Sometimes the online world reveals unsuspected parallel dimensions. This is an unknown restyle of Neural independently (and secretly as we never knew about it) made by NY-based Motion and Graphic Designer, Clarke Blackham. Very nicely made, perhaps only a bit glossier for the magazine’s line, it testifies once more how even your most familiar outcomes can have another life somewhere else.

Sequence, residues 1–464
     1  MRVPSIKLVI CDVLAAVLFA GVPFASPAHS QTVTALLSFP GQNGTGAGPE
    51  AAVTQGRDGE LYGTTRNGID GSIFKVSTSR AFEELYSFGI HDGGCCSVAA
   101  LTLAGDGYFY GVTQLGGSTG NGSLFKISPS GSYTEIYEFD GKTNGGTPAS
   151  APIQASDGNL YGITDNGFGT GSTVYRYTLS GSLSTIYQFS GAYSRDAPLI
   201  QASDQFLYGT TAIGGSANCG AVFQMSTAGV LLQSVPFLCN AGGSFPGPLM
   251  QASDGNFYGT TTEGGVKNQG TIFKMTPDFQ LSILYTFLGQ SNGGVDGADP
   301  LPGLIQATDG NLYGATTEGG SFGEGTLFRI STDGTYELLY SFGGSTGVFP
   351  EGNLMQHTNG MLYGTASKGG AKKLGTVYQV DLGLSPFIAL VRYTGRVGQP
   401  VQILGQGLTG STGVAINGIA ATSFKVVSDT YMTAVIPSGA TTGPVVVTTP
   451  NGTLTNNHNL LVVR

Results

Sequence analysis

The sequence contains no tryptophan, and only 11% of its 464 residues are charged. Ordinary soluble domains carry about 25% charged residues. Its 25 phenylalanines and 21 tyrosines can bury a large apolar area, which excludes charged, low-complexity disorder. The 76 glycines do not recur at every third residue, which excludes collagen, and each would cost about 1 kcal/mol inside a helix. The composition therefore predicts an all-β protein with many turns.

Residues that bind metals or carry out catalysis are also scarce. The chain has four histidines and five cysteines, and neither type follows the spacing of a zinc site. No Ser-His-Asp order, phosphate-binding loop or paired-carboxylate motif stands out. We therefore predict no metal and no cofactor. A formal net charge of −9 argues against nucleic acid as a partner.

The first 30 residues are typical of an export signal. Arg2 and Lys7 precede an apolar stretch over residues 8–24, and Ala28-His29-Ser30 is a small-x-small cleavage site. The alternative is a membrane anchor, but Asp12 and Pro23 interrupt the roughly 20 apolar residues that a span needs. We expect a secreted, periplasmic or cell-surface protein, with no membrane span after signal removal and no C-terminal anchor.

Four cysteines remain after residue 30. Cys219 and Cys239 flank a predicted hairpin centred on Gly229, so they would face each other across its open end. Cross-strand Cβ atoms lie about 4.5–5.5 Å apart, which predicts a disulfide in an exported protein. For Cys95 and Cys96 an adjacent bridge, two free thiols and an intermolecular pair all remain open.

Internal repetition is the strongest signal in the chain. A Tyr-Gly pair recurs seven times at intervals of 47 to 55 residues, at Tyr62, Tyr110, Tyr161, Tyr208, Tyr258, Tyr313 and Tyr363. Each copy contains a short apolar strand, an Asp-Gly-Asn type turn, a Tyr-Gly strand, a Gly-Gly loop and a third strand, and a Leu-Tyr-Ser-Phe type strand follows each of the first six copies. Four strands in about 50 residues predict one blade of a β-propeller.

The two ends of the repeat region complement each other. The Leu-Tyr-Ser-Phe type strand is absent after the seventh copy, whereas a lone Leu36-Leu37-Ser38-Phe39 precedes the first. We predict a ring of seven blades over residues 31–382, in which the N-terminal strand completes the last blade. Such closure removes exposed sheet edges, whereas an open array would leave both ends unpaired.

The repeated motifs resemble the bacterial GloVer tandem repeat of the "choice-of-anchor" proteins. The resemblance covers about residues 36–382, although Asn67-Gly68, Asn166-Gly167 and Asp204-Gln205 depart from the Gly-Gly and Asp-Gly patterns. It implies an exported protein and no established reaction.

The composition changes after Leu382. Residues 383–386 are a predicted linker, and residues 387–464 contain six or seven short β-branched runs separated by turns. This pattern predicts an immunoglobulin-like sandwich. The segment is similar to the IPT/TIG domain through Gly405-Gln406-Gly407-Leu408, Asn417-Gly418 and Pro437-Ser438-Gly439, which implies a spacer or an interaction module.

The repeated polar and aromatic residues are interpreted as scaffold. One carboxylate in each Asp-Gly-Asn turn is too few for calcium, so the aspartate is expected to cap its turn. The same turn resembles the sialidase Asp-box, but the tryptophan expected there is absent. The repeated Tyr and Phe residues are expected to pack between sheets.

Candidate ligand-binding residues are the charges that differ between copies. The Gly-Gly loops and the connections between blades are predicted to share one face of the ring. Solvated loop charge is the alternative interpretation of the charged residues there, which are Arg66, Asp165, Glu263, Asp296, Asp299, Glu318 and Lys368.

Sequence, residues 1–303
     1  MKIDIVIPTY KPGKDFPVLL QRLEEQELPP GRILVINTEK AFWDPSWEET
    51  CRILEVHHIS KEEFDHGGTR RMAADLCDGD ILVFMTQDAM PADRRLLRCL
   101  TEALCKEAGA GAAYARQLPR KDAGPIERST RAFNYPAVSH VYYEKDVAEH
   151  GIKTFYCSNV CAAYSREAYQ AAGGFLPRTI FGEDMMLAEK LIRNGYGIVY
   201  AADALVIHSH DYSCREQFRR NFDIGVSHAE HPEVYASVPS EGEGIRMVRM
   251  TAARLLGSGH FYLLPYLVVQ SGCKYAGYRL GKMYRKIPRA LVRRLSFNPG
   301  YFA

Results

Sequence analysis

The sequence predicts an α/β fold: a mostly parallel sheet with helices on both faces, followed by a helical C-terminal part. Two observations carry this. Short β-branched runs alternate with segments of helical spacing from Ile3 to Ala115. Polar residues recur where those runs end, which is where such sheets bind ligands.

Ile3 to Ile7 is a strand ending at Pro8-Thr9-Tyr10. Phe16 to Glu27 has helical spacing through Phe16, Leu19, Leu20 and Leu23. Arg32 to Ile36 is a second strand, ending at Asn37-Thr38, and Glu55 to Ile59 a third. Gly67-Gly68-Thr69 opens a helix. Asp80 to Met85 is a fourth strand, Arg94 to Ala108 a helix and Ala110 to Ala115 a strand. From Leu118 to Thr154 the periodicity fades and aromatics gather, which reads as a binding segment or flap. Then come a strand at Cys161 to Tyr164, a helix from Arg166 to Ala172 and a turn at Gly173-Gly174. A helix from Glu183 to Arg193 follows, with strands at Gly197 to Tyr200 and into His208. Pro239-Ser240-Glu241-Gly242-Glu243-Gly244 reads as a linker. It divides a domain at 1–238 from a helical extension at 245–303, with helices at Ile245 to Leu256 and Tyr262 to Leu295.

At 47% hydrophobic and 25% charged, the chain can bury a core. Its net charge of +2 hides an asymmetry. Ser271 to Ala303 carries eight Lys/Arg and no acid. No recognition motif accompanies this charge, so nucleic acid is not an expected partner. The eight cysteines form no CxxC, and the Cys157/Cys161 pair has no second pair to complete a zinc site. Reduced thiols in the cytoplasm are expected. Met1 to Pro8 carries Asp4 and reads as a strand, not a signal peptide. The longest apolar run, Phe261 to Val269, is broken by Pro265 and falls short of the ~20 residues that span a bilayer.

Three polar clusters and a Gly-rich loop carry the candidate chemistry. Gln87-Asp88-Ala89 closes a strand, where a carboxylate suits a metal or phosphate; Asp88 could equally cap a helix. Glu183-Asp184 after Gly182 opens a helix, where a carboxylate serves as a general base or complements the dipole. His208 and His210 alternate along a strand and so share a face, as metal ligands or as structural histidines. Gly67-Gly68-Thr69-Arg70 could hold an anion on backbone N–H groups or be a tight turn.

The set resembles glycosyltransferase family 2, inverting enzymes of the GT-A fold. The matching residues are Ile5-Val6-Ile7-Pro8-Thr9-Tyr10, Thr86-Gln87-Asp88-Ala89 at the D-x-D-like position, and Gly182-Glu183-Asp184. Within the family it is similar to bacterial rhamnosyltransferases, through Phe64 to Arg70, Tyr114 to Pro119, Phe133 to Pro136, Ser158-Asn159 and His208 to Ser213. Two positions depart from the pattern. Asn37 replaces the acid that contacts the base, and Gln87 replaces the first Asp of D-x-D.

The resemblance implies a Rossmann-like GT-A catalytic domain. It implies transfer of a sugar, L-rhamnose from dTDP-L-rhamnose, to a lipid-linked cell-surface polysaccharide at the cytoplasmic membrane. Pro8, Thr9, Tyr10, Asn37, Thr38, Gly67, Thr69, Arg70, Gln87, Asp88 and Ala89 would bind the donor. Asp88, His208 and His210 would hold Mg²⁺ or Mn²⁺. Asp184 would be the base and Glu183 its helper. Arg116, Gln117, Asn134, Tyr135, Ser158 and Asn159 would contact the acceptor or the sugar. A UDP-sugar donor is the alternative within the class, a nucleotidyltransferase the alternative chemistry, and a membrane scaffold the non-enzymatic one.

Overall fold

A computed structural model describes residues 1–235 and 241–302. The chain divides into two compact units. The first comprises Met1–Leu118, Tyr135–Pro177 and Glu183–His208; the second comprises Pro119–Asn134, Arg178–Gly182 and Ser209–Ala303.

It opens today at the Graduate Center of the City University of New York ArtSci2001 , the annual meeting organized by the Art and Science Collaborations, Inc. (ASCII), which includes presentations of works of art obtained thanks to the close collaboration between artists and scientists. Among the most interesting installations: 'The Language of Loss', in which Rachel Berwick and Doug Whalen have taught two of the Amazon parrots to speak in a language now extinct in South America, 'Sticky Little Fingers' Michael Rees, sculptures made with prototyping techniques of vertebral column with imaginary bumps or growths flourished improbably, 'The Ephemeral in Focus' Heather Ackroyd, Dan Harvey, Howard Thomas and Helen Ougham, (pictured) photographs obtained by the concentration of chlorophyll sensitive to light as the films, 'Gray Matters: The Brain Movie', Rob Fisher, John Pollock and Roger Dannenberg, a show for planeteari interactively involving the public in some simulations of brain function, 'Ear to the Ground' by Ben Rubin and Mark Hansen, they are used to represent sounds and videos of the myriad conversations taking place on the sites and chatrooms of the internet, 'Thinking of You', Nina Sobell, Sun Qing, John Dubberstein, Per Biorn and Brian Schwartz, in which is found the 'mental energy produced by' seeing 'in person, then that energy can be mutually transmitted and perceived.